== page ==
Not packed in a bus. Not herded with a group. Self guided walk is the SAFEST way to sightsee while observing SOCIAL DISTANCING!

Byzantine Heritage Walking Tour (Self Guided), Istanbul

Being an imperial capital for over a millennium, Constantinople (present-day Istanbul) still contains numerous sites that testify to the greatness of the Eastern Roman Empire. This self-guided walking tour will take you through the most noteworthy of historical traces, giving you a glimpse of medieval Europe's most prestigious and flourishing city – the "crown jewel" of Byzantium.
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Byzantine Heritage Walking Tour Map

Guide Name: Byzantine Heritage Walking Tour
Guide Location: Turkey » Istanbul (See other walking tours in Istanbul)
Guide Type: Self-guided Walking Tour (Sightseeing)
# of Attractions: 10
Tour Duration: 2 Hour(s)
Travel Distance: 2.5 Km or 1.6 Miles
Author: kane
Sight(s) Featured in This Guide:
  • Boukoleon Palace
  • Walled Obelisk
  • Serpent Column
  • Obelisk of Theodosius (Egyptian Obelisk)
  • Theodosius Cistern
  • Column of Constantine
  • Basilica Cistern (Yerebatan Sarnıcı)
  • The Stone of Million
  • Hagia Sophia (Ayasofya)
  • Great Palace Mosaics Museum
1
Boukoleon Palace

1) Boukoleon Palace

Lying on the shore of the Marmara Sea in Istanbul, this was one of the city's first Byzantine Palaces, most probably built by Roman Emperor Theodosius II in the 5th century. Originally called Hormisdas, it was later named the Boukoleon (or Bucoleon) from a statue of a bull and a lion that stood the small harbor in front of the palace.

The known and still visible parts were added during the time of Emperor Theophilos (829-842), who greatly expanded and renovated the structure, adding a 300m-long façade on top of the sea-facing walls. It would remain the main palace for the Byzantine court until the 11th century with the construction of the Palace of Blachernae by the Komnenos dynasty.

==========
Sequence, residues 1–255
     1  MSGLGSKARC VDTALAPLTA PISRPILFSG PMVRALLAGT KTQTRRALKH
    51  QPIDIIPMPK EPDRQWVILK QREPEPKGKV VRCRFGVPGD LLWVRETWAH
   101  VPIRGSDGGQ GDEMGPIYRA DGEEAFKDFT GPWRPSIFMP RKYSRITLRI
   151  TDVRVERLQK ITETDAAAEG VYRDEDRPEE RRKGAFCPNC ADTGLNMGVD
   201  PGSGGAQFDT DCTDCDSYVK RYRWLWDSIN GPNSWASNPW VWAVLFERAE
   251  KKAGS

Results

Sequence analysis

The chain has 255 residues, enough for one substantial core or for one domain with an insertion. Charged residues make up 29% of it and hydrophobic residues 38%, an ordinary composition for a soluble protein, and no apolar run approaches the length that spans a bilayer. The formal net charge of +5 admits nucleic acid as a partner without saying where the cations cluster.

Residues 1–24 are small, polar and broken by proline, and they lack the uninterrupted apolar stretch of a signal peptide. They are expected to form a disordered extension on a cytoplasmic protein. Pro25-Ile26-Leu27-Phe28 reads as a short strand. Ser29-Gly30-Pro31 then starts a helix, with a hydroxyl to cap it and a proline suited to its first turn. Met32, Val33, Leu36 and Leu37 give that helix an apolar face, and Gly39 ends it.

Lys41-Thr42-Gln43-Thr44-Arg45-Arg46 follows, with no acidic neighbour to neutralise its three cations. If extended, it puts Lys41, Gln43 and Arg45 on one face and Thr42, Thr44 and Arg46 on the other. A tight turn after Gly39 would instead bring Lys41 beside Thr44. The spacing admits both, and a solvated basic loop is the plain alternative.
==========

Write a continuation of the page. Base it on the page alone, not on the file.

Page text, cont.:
In the 1204 sacking of Constantinople during the Fourth Crusade, Boukoleon was taken by Boniface of Montferrat who found in it treasures "beyond end or counting." Among his prizes was also Empress Margaret, daughter of Bela III of Hungary, who took refuge at the palace and whom Boniface eventually married.

In 2018, it was announced by the Istanbul Metropolitan Municipality that the palace would be restored by the Cultural and Natural Heritage Conservation Board, with plans to develop it into an open-air museum with "a timber walking trail for visitors, a museum, and a pool." Until that time comes, the ruins are temporarily protected by fences.
2
Walled Obelisk

2) Walled Obelisk

The Walled Obelisk, also called the Constantine Obelisk or Masonry Obelisk can be seen at the south end of the Hippodrome of Constantinople, (now Sultanahmet Square) – a popular spot in Istanbul, with the Egyptian Obelisk, the German Fountain, and the famous Hagia Sophia and Blue Mosque also closeby.

Although its original construction date is unknown, the 32 m (105 ft)-high obelisk was reconstructed of roughly cut stones by Constantine VII in the 10th century. At that time, it was reportedly decorated with gilded bronze plaques that portrayed the victories of Basil I, the grandfather of Constantine VII, and had a sphere at its top. However, reportedly these gilded bronze plaques were stolen and melted down by Fourth Crusaders in 1204. The obelisk suffered further damage to its surface by young Janissaries (the Ottoman Sultan's household troops), who liked to climb the structure to show off their prowess. Today, it is visited by tourists from far and wide.
3
Serpent Column

3) Serpent Column

To raise the image of his new capital, Constantine and his successors, especially Theodosius the Great, brought works of art from all over the empire to adorn it. The monuments were set up in the middle of the Hippodrome, the spina. Among these was the Tripod of Plataea, now known as the Serpent Column, cast to celebrate the victory of the Greeks over the Persians during the Persian Wars in the 5th century BC. Together with its original golden tripod and cauldron (both long missing), it constituted a trophy or offering reminding of a military victory, dedicated to Apollo.

Constantine ordered the Tripod to be moved from the Temple of Apollo at Delphi and set in the middle of the Hippodrome. While it appears that the golden cauldron was never brought to Constantinople, the serpent heads and top third of the column were destroyed in 1700; parts of the heads were recovered and are displayed at the Istanbul Archaeology Museum.

All that remains of the monument today is the base, located near the Walled Obelisk and the Egyptian Column in Sultanahmet Square, a popular tourist spot in Istanbul.

Tip:
The column in its complete form is depicted in several paintings on display at the nearby Hagia Sofia.
4
Obelisk of Theodosius (Egyptian Obelisk)

4) Obelisk of Theodosius (Egyptian Obelisk)

Commissioned by Pharaoh Thutmose III in the 15th century BC, the Egyptian Obelisk has four faces with a single central column of inscription, celebrating the Pharaoh's victory over the Mitanni which took place on the banks of the Euphrates in about 1450 BC. With the ascent of the Hittite Empire, Mitanni and Egypt eventually struck an alliance to protect their mutual interests from the threat of Hittite domination.